Protests expected in northern Minnesota as Enbridge presses to complete Line 3

The project could be completed by the end of the year, Enbridge officials said this week ahead of a ramp-up in construction following a break in work during a spring thaw.

Protesters assist those who are locked together during a Line 3 protest on Friday, April 9, 2021, outside of Enbridge’s Bemidji office. (Jillian Gandsey / Bemidji Pioneer)

ST. PAUL — Construction workers and protesters are gearing up for the final — and likely most tense — phase in the completion of the Enbridge Line 3 crude oil pipeline in northern Minnesota.

The Calgary-based company is set to scale up its workforce beginning in June as it wraps up the construction of the 340-mile pipeline replacement. And workers on the line across northern Minnesota are likely to face demonstrators aiming to halt the project's advance.

Indigenous and environmental groups have said they'll organize thousands of protesters along the line next month and they've pressed Gov. Tim Walz and President Joe Biden to block the project. Both Enbridge and the coalition of opposition groups said they were gearing up for civil unrest along the line.

And a Minnesota Court of Appeals ruling expected out next month could overturn the project's permit from the Public Utilities Commission. The Red Lake Band of Chippewa and the White Earth Band of Ojibwe along with other Indigenous groups and environmental organizations challenged the project's permit and argued that Enbridge didn't prove the long-term need for oil in the state.

Enbridge reported that 60% of the replacement pipeline had been completed since construction started in December and the company expected to finish the project in the fourth quarter of 2021. Enbridge Chief Communications Officer Mike Fernandez said that more than 4,000 workers are set to head out over the next few weeks, a jump from the roughly 1,000 that had been on the line during a break in construction during the spring thaw.


"We are in the final stages, you got 40% yet to go that will be completed within the fourth quarter of this year," Fernandez said, noting oil could start flowing late this year. "The other thing we're very much aware of is with the summer, the nicer weather, there's more likely to be protests ... we're braced for that last-ditch effort."

The project once completed is set to carry 760,000 barrels of oil (or 31.92 million gallons) per day from Alberta, Canada, to Enbridge's terminal in Superior, Wisconsin. The plan has faced fierce opposition from environmental and Indigenous groups that say the pipeline isn't needed , could spur an oil spill, violates tribes' treaty rights and increases reliance on oil at a time when worsening climate change requires a swift transition away from fossil fuels.


  • Regulators reject investigation on whether expanded pipeline capacity makes Line 3 unnecessary The Minnesota Public Utilities Commission said it lacked jurisdiction and there were not "reasonable grounds" for an investigation.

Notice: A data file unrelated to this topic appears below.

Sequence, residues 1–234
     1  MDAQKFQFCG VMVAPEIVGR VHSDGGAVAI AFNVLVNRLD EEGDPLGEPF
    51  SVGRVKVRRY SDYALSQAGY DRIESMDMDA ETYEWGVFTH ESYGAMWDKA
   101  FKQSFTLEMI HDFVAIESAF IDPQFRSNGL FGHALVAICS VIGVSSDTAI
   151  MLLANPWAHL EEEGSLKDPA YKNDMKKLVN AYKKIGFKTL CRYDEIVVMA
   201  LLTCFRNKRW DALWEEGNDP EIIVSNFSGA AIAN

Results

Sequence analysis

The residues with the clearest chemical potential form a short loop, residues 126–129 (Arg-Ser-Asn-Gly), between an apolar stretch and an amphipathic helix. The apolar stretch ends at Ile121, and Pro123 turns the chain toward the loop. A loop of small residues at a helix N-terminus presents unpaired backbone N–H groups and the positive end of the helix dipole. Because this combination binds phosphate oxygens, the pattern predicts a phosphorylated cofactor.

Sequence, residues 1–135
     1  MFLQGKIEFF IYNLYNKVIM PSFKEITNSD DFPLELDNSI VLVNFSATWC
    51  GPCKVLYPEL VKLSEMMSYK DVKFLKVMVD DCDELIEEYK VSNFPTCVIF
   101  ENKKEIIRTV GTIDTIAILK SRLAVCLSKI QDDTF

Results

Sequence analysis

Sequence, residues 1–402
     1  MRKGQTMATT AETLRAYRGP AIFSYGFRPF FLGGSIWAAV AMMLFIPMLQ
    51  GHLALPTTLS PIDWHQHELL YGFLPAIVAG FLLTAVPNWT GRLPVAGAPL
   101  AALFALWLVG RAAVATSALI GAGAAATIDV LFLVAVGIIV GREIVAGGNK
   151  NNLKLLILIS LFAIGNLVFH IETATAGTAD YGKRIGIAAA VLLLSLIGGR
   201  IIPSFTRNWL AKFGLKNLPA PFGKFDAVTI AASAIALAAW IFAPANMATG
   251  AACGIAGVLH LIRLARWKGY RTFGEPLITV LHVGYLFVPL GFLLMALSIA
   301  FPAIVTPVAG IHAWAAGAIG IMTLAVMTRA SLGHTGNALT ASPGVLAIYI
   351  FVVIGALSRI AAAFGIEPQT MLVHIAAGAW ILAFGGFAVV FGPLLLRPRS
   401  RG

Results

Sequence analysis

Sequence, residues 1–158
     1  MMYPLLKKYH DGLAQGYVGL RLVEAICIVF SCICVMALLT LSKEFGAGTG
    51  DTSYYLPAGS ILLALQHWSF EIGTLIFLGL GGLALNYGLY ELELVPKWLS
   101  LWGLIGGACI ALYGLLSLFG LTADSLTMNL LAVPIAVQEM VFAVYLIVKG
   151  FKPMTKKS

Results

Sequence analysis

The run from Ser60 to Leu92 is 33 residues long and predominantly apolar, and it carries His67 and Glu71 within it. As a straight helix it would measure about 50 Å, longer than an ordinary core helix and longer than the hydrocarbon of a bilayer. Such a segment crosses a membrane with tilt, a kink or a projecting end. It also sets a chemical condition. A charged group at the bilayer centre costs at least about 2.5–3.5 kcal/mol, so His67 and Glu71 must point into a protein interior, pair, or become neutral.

• Enbridge-funded account reimburses more than $500,000 to law enforcement along Line 3 Activists say it incentivizes more policing of protests while first responders say it keeps the burden off taxpayers.
  • Court: Environmental review unnecessary for Minnesota Power's proposed natural gas power plant in Superior The decision reverses a lower court's ruling.

Enbridge has said it needs to replace the line built in the 1960s to increase capacity since the pipeline runs at half of what it originally pumped. And the company contended that putting in place a newer, stronger steel pipe could help prevent a spill.
The pipe running through northern Minnesota is set to be the final section to be completed. Replacement pipe running through North Dakota is finished and sections in Wisconsin and Canada have already begun pumping oil.

Dozens met outside the governor's residence in St. Paul Wednesday, May 26, and they urged Walz to block the pipeline. The Democratic governor has said he will let the process play out in the courts.

Advocacy groups have also requested intervention from the Biden administration to prevent construction from moving forward.

"We've tried everything up to this point, now we're calling on the people to stand with us because the process failed us," said Dawn Goodwin, co-founder of the Resilient Indigenous Sisters Engaging (RISE) coalition and a member of the Indigenous Environmental Network. "We've discovered that the process was never made to work in our favor. ... We've called on people to come and stand and learn what it means to be treaty people."

Tribal and environmental groups opposing the pipeline's construction have said they plan to organize hundreds of protesters at the site as the project enters its final phase. A group called Treaty People Gathering said it was organizing a June 5-8 demonstration in an effort to block the pipeline.


"We will not stand by and watch a fossil fuel corporation line its pockets as so much is destroyed, producing oil we don’t need," a website detailing the protest says. "We will gather in Northern Minnesota to put our bodies on the line, to stop construction and tell the world that the days of tar sands pipelines are over."

More than 250 people have been arrested in protests along the pipeline.

Follow Dana Ferguson on Twitter @bydanaferguson , call 651-290-0707 or email

Dana Ferguson is a Minnesota Capitol Correspondent for Forum News Service. Ferguson has covered state government and political stories since she joined the news service in 2018, reporting on the state's response to the COVID-19 pandemic, the divided Statehouse and the 2020 election.
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